Schizophrenia is a relatively rare mental health condition. About 1 in 300 people have schizophrenia worldwide. In most cases, people receive a diagnosis in early adulthood.

The above information comes from the World Health Organization (WHO).

Researchers have found that a combination of genes and environmental factors causes schizophrenia. However, the exact mechanism underlying schizophrenia is not fully understood, so experts do not yet know why some people develop the condition and others do not.

Read on to learn about schizophrenia’s prevalence, risk factors, and genetic and environmental aspects.

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It is difficult to say exactly how many people have schizophrenia due to several factors.

For one, schizophrenia is complex for doctors to diagnose. It often requires extended clinical evaluation and presents differently person to person.

Experts diagnose schizophrenia according to guidelines set in the Diagnostic and Statistical Manual of Mental Disorders, 5th edition, text revision (DSM-5-TR).

A note about sex and gender

Sex and gender exist on spectrums. This article will use the terms “male,” “female,” or both to refer to sex assigned at birth. Click here to learn more.

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Although it is a common belief that schizophrenia occurs more often in males than females, epidemiological studies have found no significant differences between sexes or genders.

For males and females with schizophrenia, the most common difference is the age of onset of symptoms. Males typically start experiencing symptoms around ages 18–25, while women typically experience onset from ages 25–35.

Experts also note that males tend to have more severe negative symptoms and less severe affective symptoms than females with schizophrenia. They are also more likely to misuse alcohol or drugs than their female counterparts.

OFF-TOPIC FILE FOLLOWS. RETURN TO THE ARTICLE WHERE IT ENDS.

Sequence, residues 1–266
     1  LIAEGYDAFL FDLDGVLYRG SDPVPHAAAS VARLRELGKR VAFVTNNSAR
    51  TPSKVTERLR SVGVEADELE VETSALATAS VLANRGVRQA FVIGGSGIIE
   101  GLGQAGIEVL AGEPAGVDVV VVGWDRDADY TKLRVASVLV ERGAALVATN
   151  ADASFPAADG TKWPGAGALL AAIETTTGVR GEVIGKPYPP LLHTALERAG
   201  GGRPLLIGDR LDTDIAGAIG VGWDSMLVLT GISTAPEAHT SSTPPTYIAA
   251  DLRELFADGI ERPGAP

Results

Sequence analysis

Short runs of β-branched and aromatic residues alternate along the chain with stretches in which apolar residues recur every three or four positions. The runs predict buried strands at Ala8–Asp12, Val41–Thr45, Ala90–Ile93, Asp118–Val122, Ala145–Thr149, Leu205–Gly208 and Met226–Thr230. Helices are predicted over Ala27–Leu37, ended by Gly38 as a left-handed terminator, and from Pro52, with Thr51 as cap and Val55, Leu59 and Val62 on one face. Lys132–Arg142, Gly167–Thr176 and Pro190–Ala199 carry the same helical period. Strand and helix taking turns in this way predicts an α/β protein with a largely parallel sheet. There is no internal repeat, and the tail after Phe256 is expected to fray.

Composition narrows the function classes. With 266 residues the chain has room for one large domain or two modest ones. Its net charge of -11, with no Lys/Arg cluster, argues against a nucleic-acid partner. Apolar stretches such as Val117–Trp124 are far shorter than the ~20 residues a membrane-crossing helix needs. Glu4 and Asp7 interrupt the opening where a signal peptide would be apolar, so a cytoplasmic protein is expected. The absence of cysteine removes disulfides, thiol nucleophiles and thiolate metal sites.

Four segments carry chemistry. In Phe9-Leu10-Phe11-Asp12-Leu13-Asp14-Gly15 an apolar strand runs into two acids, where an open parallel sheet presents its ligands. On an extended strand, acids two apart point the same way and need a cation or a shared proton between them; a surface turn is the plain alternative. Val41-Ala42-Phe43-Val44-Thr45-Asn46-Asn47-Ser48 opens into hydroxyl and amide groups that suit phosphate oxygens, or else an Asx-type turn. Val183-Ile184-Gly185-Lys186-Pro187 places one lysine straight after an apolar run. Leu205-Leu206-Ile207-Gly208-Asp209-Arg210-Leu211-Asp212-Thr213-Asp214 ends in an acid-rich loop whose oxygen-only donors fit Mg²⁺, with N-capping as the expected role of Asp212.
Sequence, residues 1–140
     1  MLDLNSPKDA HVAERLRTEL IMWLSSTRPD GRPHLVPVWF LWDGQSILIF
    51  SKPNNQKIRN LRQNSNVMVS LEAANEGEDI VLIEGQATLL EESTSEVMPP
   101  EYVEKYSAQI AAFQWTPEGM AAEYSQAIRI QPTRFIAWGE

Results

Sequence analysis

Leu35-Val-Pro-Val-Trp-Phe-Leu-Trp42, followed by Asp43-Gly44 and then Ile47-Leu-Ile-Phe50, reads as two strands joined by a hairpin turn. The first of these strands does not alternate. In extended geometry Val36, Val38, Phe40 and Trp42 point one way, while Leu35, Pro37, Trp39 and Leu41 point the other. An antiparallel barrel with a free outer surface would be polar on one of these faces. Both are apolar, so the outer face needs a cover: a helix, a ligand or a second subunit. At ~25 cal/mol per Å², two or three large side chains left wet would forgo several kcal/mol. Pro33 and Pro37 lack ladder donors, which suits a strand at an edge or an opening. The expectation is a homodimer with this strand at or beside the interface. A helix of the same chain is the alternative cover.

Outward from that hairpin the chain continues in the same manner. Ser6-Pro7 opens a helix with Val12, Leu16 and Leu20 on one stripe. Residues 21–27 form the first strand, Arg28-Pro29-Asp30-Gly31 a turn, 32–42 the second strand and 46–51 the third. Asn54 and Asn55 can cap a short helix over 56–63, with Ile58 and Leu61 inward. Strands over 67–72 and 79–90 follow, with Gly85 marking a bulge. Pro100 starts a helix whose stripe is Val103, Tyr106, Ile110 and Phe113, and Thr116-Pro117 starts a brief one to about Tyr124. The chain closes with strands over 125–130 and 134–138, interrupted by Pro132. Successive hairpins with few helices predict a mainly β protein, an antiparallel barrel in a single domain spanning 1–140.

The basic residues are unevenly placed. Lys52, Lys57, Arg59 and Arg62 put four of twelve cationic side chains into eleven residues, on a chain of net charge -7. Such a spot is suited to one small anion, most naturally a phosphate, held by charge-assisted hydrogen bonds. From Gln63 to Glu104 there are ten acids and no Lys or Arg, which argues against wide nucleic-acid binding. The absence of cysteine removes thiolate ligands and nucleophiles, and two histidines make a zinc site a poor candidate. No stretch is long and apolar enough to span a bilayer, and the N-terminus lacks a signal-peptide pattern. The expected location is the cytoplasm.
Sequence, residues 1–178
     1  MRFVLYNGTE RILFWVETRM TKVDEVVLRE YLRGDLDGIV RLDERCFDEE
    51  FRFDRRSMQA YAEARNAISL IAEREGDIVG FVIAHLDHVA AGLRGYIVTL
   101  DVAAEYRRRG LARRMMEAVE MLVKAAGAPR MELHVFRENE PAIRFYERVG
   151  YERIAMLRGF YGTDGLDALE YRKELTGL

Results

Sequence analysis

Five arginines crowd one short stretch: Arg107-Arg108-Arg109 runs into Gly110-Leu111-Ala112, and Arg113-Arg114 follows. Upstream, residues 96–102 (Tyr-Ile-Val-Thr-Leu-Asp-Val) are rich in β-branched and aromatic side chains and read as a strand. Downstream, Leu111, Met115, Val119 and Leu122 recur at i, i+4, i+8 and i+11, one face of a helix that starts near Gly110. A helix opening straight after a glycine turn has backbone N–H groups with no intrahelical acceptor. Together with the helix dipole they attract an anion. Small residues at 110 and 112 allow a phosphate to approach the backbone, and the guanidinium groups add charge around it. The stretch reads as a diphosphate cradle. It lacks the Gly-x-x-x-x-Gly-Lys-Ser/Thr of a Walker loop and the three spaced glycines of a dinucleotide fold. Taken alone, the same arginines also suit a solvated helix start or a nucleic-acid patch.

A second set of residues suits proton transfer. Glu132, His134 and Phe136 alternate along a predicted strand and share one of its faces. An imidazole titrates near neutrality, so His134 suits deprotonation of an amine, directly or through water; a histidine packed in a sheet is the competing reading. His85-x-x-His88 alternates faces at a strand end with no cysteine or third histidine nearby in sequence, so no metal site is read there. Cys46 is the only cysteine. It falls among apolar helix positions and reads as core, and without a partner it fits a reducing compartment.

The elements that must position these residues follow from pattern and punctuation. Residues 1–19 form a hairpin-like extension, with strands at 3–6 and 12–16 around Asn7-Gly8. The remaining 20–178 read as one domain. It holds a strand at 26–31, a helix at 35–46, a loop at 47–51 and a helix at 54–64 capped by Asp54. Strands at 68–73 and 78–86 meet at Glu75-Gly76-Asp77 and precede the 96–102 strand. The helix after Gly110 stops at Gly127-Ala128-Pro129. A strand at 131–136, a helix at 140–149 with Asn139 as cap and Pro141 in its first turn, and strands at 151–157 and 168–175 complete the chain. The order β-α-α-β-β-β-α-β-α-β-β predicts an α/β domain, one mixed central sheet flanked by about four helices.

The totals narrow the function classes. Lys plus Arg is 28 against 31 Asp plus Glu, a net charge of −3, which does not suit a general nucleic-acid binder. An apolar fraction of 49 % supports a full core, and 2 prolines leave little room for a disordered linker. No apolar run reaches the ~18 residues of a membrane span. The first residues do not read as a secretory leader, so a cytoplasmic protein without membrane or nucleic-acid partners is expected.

Negative symptoms include:

  • a lack of motivation for normal activities
  • slow movement
  • poor hygiene
  • withdrawal from others

Positive symptoms include:

  • changes in behaviors and thoughts, such as:
    • hallucinations
    • delusions
    • confused thoughts

There is considerable evidence that genetics cause schizophrenia, but the exact mechanism is not yet understood.

Some studies estimate schizophrenia to be up to 90% heritable, while other studies estimate this number to be closer to 50–60%.

However, genetics clearly play a role. A 2016 study discovered a particular gene in an abnormally high number of people with schizophrenia, though this is one gene among many known genetic risks.

Another 2016 study found that if one parent has schizophrenia, their offspring has a 13% chance of developing it. If both parents have schizophrenia, the likelihood increases to 20%.

Some other mental health conditions commonly co-occur alongside schizophrenia, including:

Symptoms of co-occurring disorders can interact with those of schizophrenia in significant ways. Doctors consider treating all symptoms when forming a treatment plan.

A combination of genes and environmental factors is thought to cause schizophrenia.

The specific environmental factors are not fully understood, but some researchers think fetal hypoxia and prenatal infections may increase the risk of schizophrenia.

Substance use may also cause people with schizophrenia to experience symptoms earlier in life. Substance use can also worsen existing symptoms and possibly induce psychosis.

Though it is less common than other mental disorders, schizophrenia can significantly impact lives. People with schizophrenia have an increased risk of suicide, early death, and other health conditions.

However, when treated, people with schizophrenia can have a high quality of life.

Most people with schizophrenia need some sort of lifelong treatment. This may include individual therapy, group therapy, and medication.

Treatment is most effective for people with schizophrenia when they follow their medication and treatment plan, recognize signs of oncoming symptom flare-ups, and stay focused on treatment goals, which include managing symptoms and preventing relapse.

Schizophrenia is a mental health condition affecting about 1 in 300 people worldwide. It is characterized by problems perceiving reality, hallucinations, delusions, and disorganized thoughts and behaviors.

A family history of schizophrenia increases the risk of developing the disorder. Its cause is thought to be mostly genetic with some environmental factors.